‘We were gobsmacked’: GP told widow to certify her husband’s body by filming it on chat link, her friend reveals
- An elderly woman was forced to certify her husband’s death over video call
- She was told her GP would not travel to her home where her husband died
- In the video chat the widow was told to ‘hold the camera to the dead body’
An elderly woman was forced to certify her husband’s death over a video call after being told her GP would not visit her home.
The widow lost her husband, who was 80 and had terminal cancer, shortly after 4pm on a weekday earlier this month.
She called her local GP surgery and was told the doctor would be in touch shortly.
But when the GP phoned back, more than 90 minutes later, he said he would not be coming to the house, according to Moira Evans, a friend of the widow.
She told The Daily Telegraph: ‘He then sent a link to a video chat [and said], ‘Hold the camera to the dead body’.
An elderly woman was forced to certify her husband’s death over a video call after being told her GP would not visit her home
‘My friend at this point said, ‘I can’t, can you do it please, Moira?’, and so I did it.’
Mrs Evans added: ‘The procedure of having to do this on video… we were gobsmacked.
‘You just assume when somebody dies in your home that somebody’s going to come out and have a tiny bit of compassion in there.’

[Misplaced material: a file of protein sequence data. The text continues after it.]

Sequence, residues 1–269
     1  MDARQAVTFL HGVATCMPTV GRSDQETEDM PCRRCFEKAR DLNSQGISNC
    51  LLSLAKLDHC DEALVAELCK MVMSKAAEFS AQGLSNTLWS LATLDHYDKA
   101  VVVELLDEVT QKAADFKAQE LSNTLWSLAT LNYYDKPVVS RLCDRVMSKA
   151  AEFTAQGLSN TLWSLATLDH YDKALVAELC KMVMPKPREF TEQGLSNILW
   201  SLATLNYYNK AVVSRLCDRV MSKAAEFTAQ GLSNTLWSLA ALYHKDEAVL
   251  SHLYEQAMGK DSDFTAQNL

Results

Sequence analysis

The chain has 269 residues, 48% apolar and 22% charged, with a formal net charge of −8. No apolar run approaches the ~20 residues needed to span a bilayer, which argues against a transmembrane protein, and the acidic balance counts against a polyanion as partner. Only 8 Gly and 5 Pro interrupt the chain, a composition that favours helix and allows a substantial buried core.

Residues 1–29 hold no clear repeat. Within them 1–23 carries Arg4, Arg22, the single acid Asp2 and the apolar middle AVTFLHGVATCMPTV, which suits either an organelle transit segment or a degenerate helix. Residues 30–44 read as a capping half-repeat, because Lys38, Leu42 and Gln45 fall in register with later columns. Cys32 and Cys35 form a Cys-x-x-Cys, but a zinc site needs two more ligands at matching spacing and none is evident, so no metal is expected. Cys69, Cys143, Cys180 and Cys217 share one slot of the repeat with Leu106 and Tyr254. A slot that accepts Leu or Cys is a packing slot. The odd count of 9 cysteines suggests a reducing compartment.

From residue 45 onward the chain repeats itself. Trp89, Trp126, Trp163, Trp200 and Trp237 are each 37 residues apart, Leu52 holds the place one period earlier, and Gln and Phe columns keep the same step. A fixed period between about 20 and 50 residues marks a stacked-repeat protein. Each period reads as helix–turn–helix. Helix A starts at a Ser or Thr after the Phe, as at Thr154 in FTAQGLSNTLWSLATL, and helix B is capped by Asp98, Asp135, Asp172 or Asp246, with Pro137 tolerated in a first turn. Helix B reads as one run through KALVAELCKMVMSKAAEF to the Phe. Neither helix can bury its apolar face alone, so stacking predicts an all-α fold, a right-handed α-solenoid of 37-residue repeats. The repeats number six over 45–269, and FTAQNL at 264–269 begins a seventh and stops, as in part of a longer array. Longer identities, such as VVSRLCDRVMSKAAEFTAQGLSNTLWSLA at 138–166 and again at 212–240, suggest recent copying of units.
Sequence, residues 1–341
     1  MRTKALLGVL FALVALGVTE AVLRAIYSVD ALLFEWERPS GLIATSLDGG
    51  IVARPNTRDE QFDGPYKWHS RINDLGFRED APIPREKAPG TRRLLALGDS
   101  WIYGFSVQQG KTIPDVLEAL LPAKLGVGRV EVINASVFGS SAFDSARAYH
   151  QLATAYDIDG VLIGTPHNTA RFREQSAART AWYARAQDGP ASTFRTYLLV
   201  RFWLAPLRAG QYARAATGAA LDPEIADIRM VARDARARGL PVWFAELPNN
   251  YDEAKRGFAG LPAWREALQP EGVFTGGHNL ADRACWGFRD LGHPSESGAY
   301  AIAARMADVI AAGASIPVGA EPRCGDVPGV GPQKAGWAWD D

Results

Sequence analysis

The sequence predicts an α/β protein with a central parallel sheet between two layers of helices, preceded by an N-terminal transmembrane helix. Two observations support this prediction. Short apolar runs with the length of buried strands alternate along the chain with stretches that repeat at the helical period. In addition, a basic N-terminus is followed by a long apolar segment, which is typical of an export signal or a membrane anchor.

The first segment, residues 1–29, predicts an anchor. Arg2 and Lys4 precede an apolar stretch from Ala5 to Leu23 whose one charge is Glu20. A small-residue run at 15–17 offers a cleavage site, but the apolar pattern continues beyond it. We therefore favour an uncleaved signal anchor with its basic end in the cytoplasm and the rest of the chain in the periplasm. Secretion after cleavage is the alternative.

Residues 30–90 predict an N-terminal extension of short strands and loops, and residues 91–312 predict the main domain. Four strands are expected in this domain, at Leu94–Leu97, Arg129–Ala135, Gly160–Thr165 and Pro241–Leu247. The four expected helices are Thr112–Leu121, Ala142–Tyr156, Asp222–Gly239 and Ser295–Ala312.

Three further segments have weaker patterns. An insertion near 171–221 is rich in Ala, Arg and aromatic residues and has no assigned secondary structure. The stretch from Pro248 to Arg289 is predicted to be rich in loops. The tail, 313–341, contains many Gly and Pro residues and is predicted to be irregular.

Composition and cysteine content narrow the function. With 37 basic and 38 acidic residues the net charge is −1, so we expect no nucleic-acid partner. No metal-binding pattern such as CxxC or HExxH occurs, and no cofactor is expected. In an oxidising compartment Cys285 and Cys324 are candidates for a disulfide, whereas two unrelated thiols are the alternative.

Mrs Evans says she was asked to hold the phone to the man’s face, and the doctor then asked: ‘Can you hold it a bit lower so I can see his chest?’
Less than a minute after the video call started, he said, ‘OK, I’ve seen enough’, and explained that a death certificate would be issued.
The widow and the location of her local GP surgery have not been identified.
Face-to-face appointments with GPs have become rarer following the pandemic, leaving many patients having to speak to their doctor over the phone or on a video call.
But Dennis Reed, from Silver Voices, which campaigns for older people, said: ‘This is taking remote healthcare much too far.
‘It would have been completely traumatic for someone whose husband had just died to have to help to certify his death.
Face-to-face appointments with GPs have become rarer following the pandemic, leaving many patients having to speak to their doctor over the phone or on a video call
‘Confirming someone has died is one of the key things a GP has always done and should continue to do, and it is just outrageous this was done on a video call.’
An NHS spokesman said: ‘Verification of death should be carried out in person by a qualified health professional in a sensitive and compassionate manner.’
The latest provisional figures on GP appointments for July show less than 1 per cent are home visits. Before Covid, around 80 per cent of GP appointments were face to face, but this fell to 47 per cent in April 2020, and is still below 65 per cent.
Almost a third of appointments are done over the phone and 0.5 per cent over video or online.
In the case of the elderly widow, she was told, ‘[GPs] don’t come out any more to certify death, that you have to do it yourself on a smartphone’, according to Mrs Evans.